Well, the news on Nik Kronwall’s injury is both good and bad. It’s good in the sense that looking at the hit and knowing Kronner’s past knee issues, I immediately assumed that he’d be setting a date with a knee surgeon in the near future. From that perspective, the current estimate of 4-8 weeks seems like an early Christmas present.
However, if he were to come back in exactly four weeks, the absolute best-case scenario for his return, he would still miss 14 games. That’s right: 14 games minimum of a third pairing that consists of Derek Meech and Brett Lebda, but it’ll probably be closer to 20 because, let’s face it, that’s how this season’s gone. This next stretch of the schedule is as densely packed as I’ve ever seen, with numerous back-to-back games and only a couple of two-day breaks between games.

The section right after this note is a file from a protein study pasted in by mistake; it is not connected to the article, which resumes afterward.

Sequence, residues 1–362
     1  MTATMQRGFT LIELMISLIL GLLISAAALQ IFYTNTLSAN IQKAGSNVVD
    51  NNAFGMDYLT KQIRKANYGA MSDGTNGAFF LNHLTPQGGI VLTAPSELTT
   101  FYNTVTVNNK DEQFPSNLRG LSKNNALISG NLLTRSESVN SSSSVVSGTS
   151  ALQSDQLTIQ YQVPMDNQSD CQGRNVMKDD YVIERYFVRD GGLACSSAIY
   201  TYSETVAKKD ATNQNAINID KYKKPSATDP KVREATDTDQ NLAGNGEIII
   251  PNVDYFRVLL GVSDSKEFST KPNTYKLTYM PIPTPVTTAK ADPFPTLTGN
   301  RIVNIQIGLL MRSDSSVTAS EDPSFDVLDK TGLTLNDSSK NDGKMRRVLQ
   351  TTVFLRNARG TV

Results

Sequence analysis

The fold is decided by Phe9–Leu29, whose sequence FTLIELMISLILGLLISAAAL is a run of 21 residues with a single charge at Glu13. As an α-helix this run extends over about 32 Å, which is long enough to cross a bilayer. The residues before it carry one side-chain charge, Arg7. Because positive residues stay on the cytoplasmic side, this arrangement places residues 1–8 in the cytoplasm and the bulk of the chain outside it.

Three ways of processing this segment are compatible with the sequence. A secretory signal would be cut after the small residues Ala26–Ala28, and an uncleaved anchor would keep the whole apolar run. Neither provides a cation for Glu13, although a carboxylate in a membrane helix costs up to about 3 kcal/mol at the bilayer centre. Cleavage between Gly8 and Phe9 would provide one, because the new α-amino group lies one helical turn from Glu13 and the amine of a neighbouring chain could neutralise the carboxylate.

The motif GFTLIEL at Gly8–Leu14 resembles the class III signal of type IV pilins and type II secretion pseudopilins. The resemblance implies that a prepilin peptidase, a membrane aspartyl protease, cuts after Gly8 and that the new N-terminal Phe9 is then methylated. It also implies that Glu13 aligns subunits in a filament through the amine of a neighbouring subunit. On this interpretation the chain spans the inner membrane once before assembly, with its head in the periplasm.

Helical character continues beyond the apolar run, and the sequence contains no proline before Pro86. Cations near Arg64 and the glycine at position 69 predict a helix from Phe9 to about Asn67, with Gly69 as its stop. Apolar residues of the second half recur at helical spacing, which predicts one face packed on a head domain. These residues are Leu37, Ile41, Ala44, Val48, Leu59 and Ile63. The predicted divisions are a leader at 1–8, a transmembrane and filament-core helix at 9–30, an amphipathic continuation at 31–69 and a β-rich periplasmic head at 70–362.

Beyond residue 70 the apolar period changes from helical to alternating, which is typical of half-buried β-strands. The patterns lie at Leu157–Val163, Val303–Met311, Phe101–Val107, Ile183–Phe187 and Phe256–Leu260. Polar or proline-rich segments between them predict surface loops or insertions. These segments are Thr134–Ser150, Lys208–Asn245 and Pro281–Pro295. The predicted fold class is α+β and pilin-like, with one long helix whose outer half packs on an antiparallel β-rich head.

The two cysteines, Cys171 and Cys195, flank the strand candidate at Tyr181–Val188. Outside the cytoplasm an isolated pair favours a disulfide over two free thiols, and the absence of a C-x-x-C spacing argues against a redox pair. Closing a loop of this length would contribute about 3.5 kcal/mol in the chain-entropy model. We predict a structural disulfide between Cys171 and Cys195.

Losing Kronwall hurts even more because he’s been having the best year of his career so far. He’s currently ranked third in team scoring behind only the Eurotwins, and had absolutely been on a tear for the last couple of weeks. (And the fact that it came against the Habs, for whom I have always harbored a semi-irrational hatred only makes it that much worse.)
The NHL has apparently decided to review the hit to potentially punish Laraque further. Which is nice, but not particularly likely to help fill the hole on the blue line he caused. Predictably, the league asked for a medical report on Kronner to factor into their decision. This is a perfect example of why the disciplinary process is such a joke. It shouldn’t matter if he’ll be out for four weeks or four days, if the hit itself was dirty, it should be punished. (The same goes for headshots.) A dirty hit is a dirty hit whether the player on the receiving end has his career ended or shakes it off and doesn’t miss a shift. But we all know that’s not how the league rolls.